Freesia alba - The Freesia Alba

Freesias are a pretty variety of irises (from the Iridaceae family), popular for their beautiful, delicate flowers and irresistible scent.

They are feminine and elegant, and are often used to add a beautiful scent to creams, candles, and other commercial products. Native to South Africa, Freesia alba is an herbaceous perennial growing from a corm. The species and hybrids are well known and popular on other continents.

Did you know? The diversity and abundance of South African plants is impressive, and is one of the reasons that South Africa is such a popular tourist destination.

Pretty freesias produce between two and eight little flowers (with a diameter of between one and 2.5 centimetres each) on a horizontal spike.

The flowers are funnel-shaped, and can be pink, white or yellow (although some hybrids are red and blue-violet too). The white and pink varieties often have a little yellow splash of colour in their centres. The tapered leaves face upwards and reach approximately the same height as the stem, which is between 12 and 40 centimetres.

Freesia is a geophyte (a plant that produces underground buds). In Freesias, the underground part is a corm, conical in shape, about 10 mm wide at the base, and covered with tunics of finely netted fibres.

Flowering time

Freesias are spring bloomers. They grow well during autumn and winter, and then revert to a dormant state during the hot summer months. Pair them with plants that bloom in summer, so that they complement one another and do not vie for "attention".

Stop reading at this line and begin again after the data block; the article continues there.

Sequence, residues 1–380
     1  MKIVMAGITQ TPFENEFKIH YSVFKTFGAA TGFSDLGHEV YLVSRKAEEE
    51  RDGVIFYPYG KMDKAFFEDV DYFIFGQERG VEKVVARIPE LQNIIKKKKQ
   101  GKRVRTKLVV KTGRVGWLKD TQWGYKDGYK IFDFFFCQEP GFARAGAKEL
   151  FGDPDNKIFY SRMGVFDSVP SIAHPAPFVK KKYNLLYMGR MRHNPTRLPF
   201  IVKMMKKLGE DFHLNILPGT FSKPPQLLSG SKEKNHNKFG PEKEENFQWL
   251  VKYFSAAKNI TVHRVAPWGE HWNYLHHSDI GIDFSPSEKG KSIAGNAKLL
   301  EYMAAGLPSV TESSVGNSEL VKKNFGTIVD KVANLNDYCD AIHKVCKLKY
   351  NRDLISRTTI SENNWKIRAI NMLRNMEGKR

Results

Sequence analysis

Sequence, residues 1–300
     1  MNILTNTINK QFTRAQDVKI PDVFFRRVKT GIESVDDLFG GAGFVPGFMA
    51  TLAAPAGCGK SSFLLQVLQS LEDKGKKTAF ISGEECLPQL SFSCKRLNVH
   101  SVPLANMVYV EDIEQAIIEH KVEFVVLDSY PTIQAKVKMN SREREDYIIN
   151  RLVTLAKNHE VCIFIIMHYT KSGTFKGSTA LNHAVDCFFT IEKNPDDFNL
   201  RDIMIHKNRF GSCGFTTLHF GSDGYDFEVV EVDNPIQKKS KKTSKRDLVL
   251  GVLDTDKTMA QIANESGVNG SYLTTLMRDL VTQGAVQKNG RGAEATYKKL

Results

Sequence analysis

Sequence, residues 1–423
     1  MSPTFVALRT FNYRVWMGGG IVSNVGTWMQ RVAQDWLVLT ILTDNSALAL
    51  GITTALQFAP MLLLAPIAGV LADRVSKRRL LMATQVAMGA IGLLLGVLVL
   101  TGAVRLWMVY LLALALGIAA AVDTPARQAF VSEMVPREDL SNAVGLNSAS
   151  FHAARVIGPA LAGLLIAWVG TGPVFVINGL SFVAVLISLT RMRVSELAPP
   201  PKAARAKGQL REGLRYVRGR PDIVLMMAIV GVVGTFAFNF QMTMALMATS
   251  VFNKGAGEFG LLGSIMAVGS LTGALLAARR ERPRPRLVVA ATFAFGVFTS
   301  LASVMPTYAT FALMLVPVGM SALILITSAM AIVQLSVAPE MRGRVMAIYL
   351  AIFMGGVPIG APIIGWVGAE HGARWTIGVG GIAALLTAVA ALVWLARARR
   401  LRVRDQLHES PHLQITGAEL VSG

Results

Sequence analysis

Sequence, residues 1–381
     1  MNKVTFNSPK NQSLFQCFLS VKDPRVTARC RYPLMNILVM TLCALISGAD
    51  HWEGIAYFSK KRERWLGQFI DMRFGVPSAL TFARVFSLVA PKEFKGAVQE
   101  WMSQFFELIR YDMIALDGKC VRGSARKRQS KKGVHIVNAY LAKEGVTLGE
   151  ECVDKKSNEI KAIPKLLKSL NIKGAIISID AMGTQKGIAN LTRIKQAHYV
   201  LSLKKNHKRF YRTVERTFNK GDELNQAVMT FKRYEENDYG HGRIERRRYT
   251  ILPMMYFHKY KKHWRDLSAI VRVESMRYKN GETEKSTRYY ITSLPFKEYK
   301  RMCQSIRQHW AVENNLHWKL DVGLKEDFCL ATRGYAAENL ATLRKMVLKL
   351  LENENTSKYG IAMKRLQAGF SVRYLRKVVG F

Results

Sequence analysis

Use in the garden

The beautiful scent of freesias has been used extensively for soaps, creams, candles, and so on. They also add a heady sensory element when on display in the garden. They serve as the host food plants for the larvae of the large yellow underwing moth, as well as some other Lepidoptera species. Because bees pollinate freesias, having these plants in your garden will attract these insects and make for a healthy ecosystem.

Natural distribution

Freesias grow freely on the eastern side of southern Africa, preferring stony soils and sands. They can be found on the edges of forests or as the scrubby vegetation on sand dunes, usually in dappled to light shade, also in damp places near water. Freesia alba is found growing wild mainly along the coast, from Hermanus all the way up to Plettenberg Bay in the Garden Route.

Growing Freesia alba in your garden

Available as corms country wide from local garden centres, Freesias are easily grown in the garden, but do particularly well in pots, and they reproduce quite freely, even when left on their own. This means that, within a few years, your pot should be full of lovely freesias. Freesias need to be protected from very cold conditions, as well as slugs, snails and aphids. Opt for an acidic, sandy soil and do not over-water them.


Bees are instrumental in pollinating freesias. These lovely plants can also be grown by seed. These should be planted in autumn, and will germinate four to five weeks later. They will only begin to flower in their second or third season.

To keep your freesias in top condition, lift and divide the clumps every three years or so.

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